Signs directing “cyclists dismount — walk bicycle” on the Grand Canal cycle route as it crosses Grand Canal Square are not official road signs and were not erected by Dublin City Council.
The area, which is publicly owned, is managed by a private company. But it is not clear that the management company can overrule the Part 8 planning process which allowed the cycle route to cross the plaza area of Grand Canal Square.
“The only official signage at the plaza is Dublin City Council’s white on blue shared cycle and pedestrian sign,” said a spokeswoman for Dublin City Council.
It means the signs have no legal meaning under the Road Traffic Acts and road traffic enforcement of the signs cannot be carried out by the Gardai.
The €8 million square was funded by the Irish Government and part financed by the European Union under the National Development Plan. A combination of the shared surface and the square’s planters and seating, designed by American landscape architect Martha Schwartz, has caused conflicts between users of the square.
The issues of the square are complicated due to the managment arangments for the space. As most recently reported by dublininquirer.com, many publicly owned lands and also apparently public lands in the Dublin Docklands are managed by private management companies.
The system where management of publicly owned land is done by private managment companies is in place due to agreements put in place by the controversial and now defunct Dublin Docklands Development Authority.
It has been long known that managment firms in the Docklands have tried to stop photography in public areas, with security guards harassing people for taking photographs. Some of the managment companies have also attempted to stop children playing in public areas.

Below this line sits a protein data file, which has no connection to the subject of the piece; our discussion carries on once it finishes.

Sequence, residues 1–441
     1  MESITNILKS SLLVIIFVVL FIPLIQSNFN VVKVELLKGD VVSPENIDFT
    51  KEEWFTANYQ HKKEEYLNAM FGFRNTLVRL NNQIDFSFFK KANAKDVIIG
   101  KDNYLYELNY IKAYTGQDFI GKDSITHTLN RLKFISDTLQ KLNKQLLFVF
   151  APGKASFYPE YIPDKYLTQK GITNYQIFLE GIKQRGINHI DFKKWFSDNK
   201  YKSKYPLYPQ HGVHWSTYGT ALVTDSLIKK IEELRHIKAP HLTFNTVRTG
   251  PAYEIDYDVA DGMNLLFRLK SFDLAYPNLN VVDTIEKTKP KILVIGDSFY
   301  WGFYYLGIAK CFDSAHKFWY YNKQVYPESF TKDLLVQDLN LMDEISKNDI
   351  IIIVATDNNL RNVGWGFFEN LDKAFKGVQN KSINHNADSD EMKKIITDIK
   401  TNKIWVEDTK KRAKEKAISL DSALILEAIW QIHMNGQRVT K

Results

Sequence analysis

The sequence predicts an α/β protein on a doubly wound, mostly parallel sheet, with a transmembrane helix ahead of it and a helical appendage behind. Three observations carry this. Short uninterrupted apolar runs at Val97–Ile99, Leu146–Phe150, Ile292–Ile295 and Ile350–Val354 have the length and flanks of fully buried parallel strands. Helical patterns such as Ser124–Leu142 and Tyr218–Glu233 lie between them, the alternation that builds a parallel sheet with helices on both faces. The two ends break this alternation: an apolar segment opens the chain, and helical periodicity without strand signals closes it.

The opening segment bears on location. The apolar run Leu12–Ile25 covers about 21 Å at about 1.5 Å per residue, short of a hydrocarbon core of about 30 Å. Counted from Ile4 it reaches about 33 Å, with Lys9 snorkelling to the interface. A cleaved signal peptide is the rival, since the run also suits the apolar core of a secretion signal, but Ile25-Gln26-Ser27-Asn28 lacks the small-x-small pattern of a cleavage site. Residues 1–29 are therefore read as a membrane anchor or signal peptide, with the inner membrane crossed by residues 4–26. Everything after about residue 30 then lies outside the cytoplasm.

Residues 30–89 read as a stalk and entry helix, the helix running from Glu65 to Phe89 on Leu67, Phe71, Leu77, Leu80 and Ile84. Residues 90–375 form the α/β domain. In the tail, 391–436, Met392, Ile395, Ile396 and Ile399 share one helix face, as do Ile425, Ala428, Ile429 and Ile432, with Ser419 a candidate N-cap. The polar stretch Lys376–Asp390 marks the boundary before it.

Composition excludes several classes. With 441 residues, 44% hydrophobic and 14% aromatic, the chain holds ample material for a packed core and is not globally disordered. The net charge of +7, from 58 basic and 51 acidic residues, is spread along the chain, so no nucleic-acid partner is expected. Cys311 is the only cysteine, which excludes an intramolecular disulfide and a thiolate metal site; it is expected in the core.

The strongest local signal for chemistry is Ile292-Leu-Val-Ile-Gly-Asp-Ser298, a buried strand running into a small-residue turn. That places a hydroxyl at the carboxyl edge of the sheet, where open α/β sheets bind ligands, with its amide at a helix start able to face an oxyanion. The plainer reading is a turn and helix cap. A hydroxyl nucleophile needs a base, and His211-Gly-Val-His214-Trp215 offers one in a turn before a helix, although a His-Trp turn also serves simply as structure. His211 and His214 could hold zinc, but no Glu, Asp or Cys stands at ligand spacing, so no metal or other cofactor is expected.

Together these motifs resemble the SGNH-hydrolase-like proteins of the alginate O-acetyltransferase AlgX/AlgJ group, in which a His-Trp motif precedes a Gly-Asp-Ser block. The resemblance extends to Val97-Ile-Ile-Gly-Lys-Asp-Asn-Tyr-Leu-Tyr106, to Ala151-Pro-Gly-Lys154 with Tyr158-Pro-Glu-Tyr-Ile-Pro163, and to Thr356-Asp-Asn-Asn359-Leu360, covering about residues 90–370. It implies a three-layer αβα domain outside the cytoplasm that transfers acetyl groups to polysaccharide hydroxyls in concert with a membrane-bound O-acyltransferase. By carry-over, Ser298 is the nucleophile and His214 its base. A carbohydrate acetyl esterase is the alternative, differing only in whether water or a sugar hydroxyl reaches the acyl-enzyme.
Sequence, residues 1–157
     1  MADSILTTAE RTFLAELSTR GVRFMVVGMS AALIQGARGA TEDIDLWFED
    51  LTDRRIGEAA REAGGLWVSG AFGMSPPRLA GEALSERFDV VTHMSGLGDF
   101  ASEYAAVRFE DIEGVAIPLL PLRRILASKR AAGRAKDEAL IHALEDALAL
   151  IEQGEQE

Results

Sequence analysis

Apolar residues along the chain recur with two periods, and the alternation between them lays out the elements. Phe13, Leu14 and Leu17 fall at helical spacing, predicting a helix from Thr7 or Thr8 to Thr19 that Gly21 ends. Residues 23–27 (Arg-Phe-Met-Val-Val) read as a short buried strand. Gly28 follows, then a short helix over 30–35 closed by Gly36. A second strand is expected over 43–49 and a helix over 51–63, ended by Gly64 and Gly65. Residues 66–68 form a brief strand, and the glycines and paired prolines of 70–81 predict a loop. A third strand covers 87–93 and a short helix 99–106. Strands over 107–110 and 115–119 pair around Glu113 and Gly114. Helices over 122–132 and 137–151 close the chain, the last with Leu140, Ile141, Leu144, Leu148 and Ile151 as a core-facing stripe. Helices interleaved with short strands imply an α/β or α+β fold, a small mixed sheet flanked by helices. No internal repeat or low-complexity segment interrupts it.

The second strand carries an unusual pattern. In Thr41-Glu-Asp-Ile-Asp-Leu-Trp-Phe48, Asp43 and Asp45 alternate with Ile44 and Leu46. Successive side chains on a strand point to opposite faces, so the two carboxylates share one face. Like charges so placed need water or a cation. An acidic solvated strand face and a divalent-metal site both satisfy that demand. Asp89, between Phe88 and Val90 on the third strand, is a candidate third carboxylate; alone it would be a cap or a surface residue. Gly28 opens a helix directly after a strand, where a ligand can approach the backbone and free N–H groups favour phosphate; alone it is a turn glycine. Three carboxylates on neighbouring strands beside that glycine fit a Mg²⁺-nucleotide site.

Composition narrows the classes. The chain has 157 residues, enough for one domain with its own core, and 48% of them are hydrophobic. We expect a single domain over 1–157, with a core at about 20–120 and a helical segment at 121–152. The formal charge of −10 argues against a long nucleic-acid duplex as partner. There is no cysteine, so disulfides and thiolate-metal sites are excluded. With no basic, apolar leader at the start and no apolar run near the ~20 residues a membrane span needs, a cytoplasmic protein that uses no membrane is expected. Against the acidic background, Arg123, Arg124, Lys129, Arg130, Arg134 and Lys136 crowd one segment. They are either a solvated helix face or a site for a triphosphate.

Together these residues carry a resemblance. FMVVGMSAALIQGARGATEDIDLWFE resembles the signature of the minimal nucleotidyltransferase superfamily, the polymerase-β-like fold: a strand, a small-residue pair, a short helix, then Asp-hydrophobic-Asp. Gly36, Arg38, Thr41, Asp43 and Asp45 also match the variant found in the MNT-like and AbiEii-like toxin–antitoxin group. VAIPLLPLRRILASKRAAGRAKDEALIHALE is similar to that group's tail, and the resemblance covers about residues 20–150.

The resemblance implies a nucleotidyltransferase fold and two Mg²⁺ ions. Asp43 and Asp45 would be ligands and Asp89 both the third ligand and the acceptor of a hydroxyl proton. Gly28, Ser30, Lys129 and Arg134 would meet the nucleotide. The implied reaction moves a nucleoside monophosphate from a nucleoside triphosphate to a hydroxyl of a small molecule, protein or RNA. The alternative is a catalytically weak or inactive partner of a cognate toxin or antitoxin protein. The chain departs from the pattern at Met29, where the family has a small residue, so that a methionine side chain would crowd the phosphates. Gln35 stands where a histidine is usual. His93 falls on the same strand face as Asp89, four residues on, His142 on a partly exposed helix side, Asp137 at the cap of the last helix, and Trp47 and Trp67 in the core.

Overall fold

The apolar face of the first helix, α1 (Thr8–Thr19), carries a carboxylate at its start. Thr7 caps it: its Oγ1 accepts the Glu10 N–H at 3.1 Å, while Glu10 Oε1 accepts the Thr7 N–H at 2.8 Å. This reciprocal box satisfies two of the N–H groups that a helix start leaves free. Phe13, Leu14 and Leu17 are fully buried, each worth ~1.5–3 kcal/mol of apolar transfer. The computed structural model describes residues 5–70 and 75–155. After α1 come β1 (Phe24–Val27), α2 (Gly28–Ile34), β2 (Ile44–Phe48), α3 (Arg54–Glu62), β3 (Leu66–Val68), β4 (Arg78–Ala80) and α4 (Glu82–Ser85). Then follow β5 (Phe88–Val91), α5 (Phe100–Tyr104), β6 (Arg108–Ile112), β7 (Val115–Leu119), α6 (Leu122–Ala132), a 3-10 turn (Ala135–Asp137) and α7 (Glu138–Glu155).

The city council spokeswoman said: “The [Grand Canal Square] plaza was originally taken ‘in charge’ by the Dublin Docklands Development Authority and Dublin City Council is in the process of taking over responsibility for the Docklands. As an interim measure and prior to Dublin City Council’s Environment & Transportation Department upgrading the existing signage, the sign attached was erected where the Plaza interacts with existing Dublin City Council infrastructure to allow safe interaction between cyclists and pedestrians on the Plaza.”
She added: “If you require any further information on this, you would need to contact the agents for the Grand Canal Harbour Management Company.”
Asked if there was a timeline to fully integrate the Docklands into the city council structures, the city council said: “The [city council] Dublin Dockland office is in the process of transferring certain areas within the Docklands to the Management Companies that currently operate in the Docklands and is also coordinating the Taking In-Charge of the remaining areas with the Roads Maintenance Division. It is anticipated that this process will be completed during Q4 2017.”
You're read this much of the article... if you value our journalism, please subscribe today.
The city council did not respond directly to questions on a consultation recommendations to address the cycling and walking conflict on the square. A presentation given to councillors in 2015 outlined a number of options including permanent or trialed removal of all of the planters, some of the planters, relocating them, or a combination of options. Consultants recommend public consultation on the issue.
The unaddressed conflict on Grand Canal Square led to local area councillors looking for people on bicycles to dismount on the planned College Green Plaza.
Cllr Chris Andrews (Sinn Fein), who proposed the motion for “cyclists dismount” signs on College Green, said: “We have seen it down in the Docklands where people are, I suppose, in fear of cyclists. I know cyclists are, and rightly so, quick to speak up for their rights and health and safety but also I think the same applies to pedestrians.”
IMAGE: Thanks to Keith Byrne.